In the literary news this month, the winners of the 2016 Kirkus Prize are for fiction: The Sport of Kings by C.E. Morgan (Farrar, Straus & Giroux. For nonfiction: In the Darkroom by Susan Faludi (Metropolitan/Holt) and for young readers’: As Brave As You by Jason Reynolds (Caitlyn Dlouhy Books/Atheneum). The Kirkus Prize is one of the richest literary awards in the world, with a prize of $50,000 bestowed annually to authors of fiction, nonfiction and young readers’ literature.

French-Moroccan novelist Leïla Slimani won the 2016 Prix Goncourt, the most prestigious French book award, for her novel Chanson Douce (Sweet Song). The New York Times reported that “several commentators had predicted that Ms. Slimani would win. The novel has been a best seller–more than 76,000 copies have been purchased–and Ms. Slimani, 35, has a high profile as a former journalist at Jeune Afrique, a French-language magazine of African news.” “She’s a young woman, talented, so we’re completely in the spirit of the Goncourt prize,” Bernard Pivot, head of the Goncourt Academy.

Madeleine Thien won the C$100,000 (US$74,744) Scotiabank Giller Prize, presented annually “to the author of the best Canadian novel or short story collection published in English,” for Do Not Say We Have Nothing. The other five finalists received C$10,000 each. The judges wrote: “Do Not Say We Have Nothing by Madeleine Thien entranced the jurors with its detailed, layered, complex drama of classical musicians and their loved ones trying to survive two monstrous insults to their humanity: Mao Zedong’s Cultural Revolution in mid-twentieth century China and the Tiananmen Square massacre of protestors in Beijing in 1989. Do Not Say We Have Nothing addresses some of the timeless questions of literature: who do we love, and how do the love of art, of others and ourselves sustain us individually and collectively in the face of genocide? A beautiful homage to music and to the human spirit, Do Not Say We Have Nothing is both sad and uplifting in its dramatization of human loss and resilience in China and in Canada.”

Irish author Mike McCormack won the £10,000 (about $12,445) Goldsmiths Prize, which celebrates “the spirit of creative daring” and rewards “fiction that breaks the mold or extends the possibilities of the novel form,” for Solar Bones, a book written in a single novel-length sentence. Chair of judges Blake Morrison commented: “Set over a few hours in a single day, and told in the first-person voice of a middle-aged engineer, Mike McCormack’s Solar Bones transcends these seeming limits magnificently. Politics, family, art, marriage, health, civic duty and the environment are just a few of the themes it touches on, in a prose that’s lyrical yet firmly rooted. Its subject may be an ordinary working life but it is itself an extraordinary work.”

Canadian author and social activist Naomi Klein won Australia’s A$50,000 (about US$37,705) Sydney Peace Prize, which honors public figures who “promote peace‚ justice‚ and non-violence‚” Quillblog reported. The prize jury said Klein was recognized “for exposing the structural causes and responsibility for the climate crisis, for inspiring us to stand up locally, nationally and internationally to demand a new agenda for sharing the planet that respects human rights and equality, and for reminding us of the power of authentic democracy to achieve transformative change and justice.”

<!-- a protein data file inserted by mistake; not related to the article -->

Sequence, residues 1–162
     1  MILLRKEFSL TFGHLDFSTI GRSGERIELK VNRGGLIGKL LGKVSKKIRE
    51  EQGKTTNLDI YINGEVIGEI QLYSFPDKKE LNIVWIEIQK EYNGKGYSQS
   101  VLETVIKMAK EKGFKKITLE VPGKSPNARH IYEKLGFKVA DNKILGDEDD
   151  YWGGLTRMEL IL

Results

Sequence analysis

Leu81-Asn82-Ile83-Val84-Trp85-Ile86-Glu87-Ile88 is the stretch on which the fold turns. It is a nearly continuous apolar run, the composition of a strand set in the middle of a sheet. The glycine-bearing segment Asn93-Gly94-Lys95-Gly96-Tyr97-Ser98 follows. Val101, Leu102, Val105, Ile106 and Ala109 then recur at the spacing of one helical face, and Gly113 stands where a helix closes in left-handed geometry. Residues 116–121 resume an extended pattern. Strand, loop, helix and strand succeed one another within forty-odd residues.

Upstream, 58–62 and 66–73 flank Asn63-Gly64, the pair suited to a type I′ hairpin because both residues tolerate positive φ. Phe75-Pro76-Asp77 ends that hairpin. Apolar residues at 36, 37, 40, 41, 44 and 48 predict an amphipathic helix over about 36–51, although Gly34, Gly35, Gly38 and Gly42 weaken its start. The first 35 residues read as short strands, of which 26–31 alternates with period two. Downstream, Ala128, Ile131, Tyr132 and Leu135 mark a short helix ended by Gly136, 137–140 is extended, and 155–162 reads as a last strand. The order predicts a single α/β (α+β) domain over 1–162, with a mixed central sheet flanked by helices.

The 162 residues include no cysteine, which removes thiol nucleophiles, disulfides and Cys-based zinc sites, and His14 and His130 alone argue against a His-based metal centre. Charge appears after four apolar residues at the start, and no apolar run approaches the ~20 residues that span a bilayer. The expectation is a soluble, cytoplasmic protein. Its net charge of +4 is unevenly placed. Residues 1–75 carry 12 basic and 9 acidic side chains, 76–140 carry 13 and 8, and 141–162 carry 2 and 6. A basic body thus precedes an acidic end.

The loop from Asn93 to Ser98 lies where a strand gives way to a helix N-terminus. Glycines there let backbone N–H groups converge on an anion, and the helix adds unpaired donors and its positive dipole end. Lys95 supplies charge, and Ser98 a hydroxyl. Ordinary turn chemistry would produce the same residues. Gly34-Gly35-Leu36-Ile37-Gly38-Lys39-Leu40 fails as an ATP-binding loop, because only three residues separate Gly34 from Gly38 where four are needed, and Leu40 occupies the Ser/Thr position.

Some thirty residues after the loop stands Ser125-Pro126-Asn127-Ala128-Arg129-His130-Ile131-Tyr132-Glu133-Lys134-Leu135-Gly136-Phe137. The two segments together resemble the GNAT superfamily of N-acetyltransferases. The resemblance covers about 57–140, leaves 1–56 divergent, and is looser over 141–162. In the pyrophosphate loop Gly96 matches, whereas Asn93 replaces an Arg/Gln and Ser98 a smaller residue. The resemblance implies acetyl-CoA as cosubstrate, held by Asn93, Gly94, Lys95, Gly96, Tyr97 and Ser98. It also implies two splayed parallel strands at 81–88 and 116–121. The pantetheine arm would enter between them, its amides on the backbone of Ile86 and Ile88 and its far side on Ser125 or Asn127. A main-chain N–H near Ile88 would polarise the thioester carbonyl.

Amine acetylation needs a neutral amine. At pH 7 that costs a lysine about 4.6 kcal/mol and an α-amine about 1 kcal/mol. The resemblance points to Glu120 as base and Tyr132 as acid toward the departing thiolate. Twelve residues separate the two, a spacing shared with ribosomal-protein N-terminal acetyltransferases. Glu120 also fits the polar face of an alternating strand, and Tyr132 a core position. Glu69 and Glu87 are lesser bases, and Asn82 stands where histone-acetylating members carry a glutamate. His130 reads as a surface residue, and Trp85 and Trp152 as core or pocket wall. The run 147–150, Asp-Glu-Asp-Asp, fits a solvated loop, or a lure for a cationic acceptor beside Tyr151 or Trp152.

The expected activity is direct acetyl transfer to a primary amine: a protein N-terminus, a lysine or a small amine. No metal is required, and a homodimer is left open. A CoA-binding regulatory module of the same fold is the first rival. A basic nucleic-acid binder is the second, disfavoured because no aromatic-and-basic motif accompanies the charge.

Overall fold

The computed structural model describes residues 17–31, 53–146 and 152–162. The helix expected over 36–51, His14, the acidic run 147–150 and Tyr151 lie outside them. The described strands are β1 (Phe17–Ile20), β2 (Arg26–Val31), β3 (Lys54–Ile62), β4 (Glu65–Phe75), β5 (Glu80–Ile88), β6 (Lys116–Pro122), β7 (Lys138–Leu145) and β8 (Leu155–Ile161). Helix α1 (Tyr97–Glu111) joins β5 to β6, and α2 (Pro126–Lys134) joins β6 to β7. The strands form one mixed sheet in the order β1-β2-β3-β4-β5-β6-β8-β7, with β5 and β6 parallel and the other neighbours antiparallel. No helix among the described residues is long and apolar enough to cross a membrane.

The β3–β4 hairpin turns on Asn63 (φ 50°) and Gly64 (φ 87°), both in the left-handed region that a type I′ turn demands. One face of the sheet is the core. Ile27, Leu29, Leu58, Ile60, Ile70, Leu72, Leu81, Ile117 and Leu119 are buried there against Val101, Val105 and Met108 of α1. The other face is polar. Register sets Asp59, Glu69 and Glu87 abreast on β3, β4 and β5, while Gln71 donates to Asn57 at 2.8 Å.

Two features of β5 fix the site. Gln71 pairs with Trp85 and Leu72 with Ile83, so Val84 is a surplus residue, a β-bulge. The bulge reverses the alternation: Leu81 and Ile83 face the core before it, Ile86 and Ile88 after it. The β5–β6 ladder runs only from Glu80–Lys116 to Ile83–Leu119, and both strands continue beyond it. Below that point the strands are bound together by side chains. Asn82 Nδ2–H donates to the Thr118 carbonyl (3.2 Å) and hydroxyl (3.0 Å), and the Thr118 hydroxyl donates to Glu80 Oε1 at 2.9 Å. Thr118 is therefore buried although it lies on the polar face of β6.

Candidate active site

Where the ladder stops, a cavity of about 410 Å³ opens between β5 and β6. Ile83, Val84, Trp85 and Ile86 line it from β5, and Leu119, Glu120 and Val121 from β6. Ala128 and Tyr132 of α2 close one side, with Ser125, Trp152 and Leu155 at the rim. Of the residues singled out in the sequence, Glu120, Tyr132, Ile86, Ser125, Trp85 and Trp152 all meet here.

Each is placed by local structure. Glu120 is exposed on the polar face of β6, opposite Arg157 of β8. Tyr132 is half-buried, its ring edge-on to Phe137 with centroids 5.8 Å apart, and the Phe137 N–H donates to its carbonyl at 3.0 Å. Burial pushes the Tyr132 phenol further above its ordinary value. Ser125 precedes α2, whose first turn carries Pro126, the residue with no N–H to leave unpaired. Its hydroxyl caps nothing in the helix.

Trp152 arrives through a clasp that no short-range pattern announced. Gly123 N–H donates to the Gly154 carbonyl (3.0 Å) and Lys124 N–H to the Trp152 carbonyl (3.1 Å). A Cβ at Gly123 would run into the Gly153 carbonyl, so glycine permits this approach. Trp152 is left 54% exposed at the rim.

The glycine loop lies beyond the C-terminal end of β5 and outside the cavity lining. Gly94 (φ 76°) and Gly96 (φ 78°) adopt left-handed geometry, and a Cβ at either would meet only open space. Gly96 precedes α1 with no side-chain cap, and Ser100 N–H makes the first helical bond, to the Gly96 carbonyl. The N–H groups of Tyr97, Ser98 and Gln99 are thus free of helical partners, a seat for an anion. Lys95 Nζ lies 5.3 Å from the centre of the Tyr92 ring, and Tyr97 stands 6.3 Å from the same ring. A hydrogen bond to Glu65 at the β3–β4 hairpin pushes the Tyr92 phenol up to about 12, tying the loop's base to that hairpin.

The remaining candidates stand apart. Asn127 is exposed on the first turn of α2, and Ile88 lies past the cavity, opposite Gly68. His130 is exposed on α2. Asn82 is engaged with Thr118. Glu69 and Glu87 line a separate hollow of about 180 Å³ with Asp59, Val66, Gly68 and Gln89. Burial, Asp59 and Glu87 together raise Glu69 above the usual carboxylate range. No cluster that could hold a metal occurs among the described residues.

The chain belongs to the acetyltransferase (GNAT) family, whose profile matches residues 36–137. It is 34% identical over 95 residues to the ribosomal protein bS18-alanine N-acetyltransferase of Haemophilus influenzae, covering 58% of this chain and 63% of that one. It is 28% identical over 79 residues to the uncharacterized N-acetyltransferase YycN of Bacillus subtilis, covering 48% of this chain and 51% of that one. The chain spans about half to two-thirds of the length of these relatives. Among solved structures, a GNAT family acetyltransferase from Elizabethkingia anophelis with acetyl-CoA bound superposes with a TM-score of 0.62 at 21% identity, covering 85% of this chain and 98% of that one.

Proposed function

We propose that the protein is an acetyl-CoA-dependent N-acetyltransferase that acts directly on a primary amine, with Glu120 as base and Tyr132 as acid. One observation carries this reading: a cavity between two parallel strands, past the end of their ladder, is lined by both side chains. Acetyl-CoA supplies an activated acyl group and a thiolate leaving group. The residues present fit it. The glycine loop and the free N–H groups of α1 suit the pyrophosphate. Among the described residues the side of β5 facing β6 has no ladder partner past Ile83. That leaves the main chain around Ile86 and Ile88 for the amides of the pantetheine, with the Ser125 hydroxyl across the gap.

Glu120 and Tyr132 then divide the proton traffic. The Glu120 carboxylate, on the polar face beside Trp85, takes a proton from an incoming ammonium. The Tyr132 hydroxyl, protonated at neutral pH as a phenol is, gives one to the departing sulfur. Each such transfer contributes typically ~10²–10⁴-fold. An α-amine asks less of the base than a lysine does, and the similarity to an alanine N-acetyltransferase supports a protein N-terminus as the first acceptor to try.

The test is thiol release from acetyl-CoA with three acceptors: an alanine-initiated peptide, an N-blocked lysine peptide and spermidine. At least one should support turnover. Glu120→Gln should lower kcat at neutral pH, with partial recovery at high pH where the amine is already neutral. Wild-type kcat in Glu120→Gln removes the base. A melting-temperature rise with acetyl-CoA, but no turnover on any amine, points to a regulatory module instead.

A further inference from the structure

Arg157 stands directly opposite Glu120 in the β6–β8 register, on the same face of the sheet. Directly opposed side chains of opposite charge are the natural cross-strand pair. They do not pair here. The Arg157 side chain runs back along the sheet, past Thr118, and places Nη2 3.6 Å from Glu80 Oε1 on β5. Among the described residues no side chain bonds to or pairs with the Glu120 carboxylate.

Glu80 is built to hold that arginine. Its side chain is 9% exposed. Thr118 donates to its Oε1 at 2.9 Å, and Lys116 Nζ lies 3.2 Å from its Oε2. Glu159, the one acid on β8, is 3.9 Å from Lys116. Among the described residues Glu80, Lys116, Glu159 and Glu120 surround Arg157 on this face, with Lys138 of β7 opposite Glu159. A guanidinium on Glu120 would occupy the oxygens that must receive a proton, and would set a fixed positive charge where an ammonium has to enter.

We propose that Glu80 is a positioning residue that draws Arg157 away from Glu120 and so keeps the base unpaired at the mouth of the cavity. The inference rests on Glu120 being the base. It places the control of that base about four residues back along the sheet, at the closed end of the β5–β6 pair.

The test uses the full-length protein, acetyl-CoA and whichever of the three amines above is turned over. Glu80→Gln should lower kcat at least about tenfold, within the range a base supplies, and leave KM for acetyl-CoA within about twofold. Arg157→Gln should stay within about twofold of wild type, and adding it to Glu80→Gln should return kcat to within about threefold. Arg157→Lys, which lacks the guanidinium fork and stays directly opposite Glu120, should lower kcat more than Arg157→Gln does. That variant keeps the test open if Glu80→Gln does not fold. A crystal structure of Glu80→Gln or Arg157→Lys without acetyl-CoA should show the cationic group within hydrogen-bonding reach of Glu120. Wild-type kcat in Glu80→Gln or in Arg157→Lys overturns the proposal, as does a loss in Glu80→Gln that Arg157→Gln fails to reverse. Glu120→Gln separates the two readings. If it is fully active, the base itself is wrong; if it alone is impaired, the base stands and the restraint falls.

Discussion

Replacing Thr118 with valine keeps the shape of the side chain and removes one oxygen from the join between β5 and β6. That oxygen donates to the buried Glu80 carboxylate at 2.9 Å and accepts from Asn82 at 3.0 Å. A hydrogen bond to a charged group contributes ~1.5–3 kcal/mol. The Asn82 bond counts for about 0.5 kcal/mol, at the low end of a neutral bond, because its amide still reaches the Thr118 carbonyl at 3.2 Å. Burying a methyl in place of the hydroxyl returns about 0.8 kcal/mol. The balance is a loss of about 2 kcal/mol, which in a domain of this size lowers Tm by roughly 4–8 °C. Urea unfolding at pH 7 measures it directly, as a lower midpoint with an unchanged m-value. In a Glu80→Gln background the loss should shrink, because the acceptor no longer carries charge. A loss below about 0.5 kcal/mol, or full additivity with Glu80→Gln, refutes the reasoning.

Winners were named for the Bord Gáis Energy Irish Book Awards. More than 45,000 readers and book lovers voted, and the public is now invited to help select the overall Bord Gáis Energy Irish Book of the Year. Voting is open until midnight on December 9. A complete list of category winners is available here.

Six books made the shortlist for this year’s Bad Sex in Fiction Award, presented annually by the Literary Review to “an author who has produced an outstandingly bad scene of sexual description in an otherwise good novel.” The “winner” will be announced on November 30. The Guardian helpfully featured “the contenders in quotes.” This year’s finalists are: The Butcher’s Hook by Janet Ellis, A Doubter’s Almanac by Ethan Canin, The Tobacconist by Robert Seethaler, Leave Me by Gayle Forman, The Day Before Happiness by Erri de Luca, and Men Like Air by Tom Connolly.

A novel written in a single sentence has won the 2016 Goldsmiths prize, becoming the third Irish winner in the four-year history of an award set up to reward fiction that “breaks the mould or opens up new possibilities for the novel form”. The novel emerged as winner at a ceremony in London from a six-strong shortlist, which included Deborah Levy’s Booker shortlisted Hot Milk and The Lesser Bohemians by the first winner of the Goldsmiths, Eimear McBride.

Have a great month!



Congratulations to Kathleen Gardiner, who won a copy of Unlikely Companions by Laurie Hess.

Congratulations also to Zena Gray, who won a copy of The Three Miss Allens by Victoria Purman.

Our new site giveaway is for a copy of Daintree by Annie Seaton. To win, send me an email at with your postal address and the subject line “Daintree”.

Good luck everybody!



We will shortly be featuring reviews of The Writer’s Room by Charlotte Wood, The World of Yesterday by Stefan Zweig, Pale Hearts by Emily Eckart, Daintree by Annie Seaton, and lots more reviews, news, interviews, and giveaways.

Don’t forget to drop by The Compulsive Reader talks (see widget on right hand side of the site) or at to listen to the latest interview with Michele Seminara, who reads from and talks about her book Engraft.

To listen, visit the show page or you can listen directly from the site widget (right hand side of the site).

You can also subscribe to the show via iTunes and get updates automatically. Just find us under podcasts by searching for Compulsive Reader. Then just click subscribe.


(c) 2016 Magdalena Ball. Nothing in this newsletter may be reproduced without the written consent of the publisher, however reprint rights are readily available. Please feel free to forward this newsletter in its entirety.

Is this email not displaying correctly? View it in your browser

unsubscribe from this list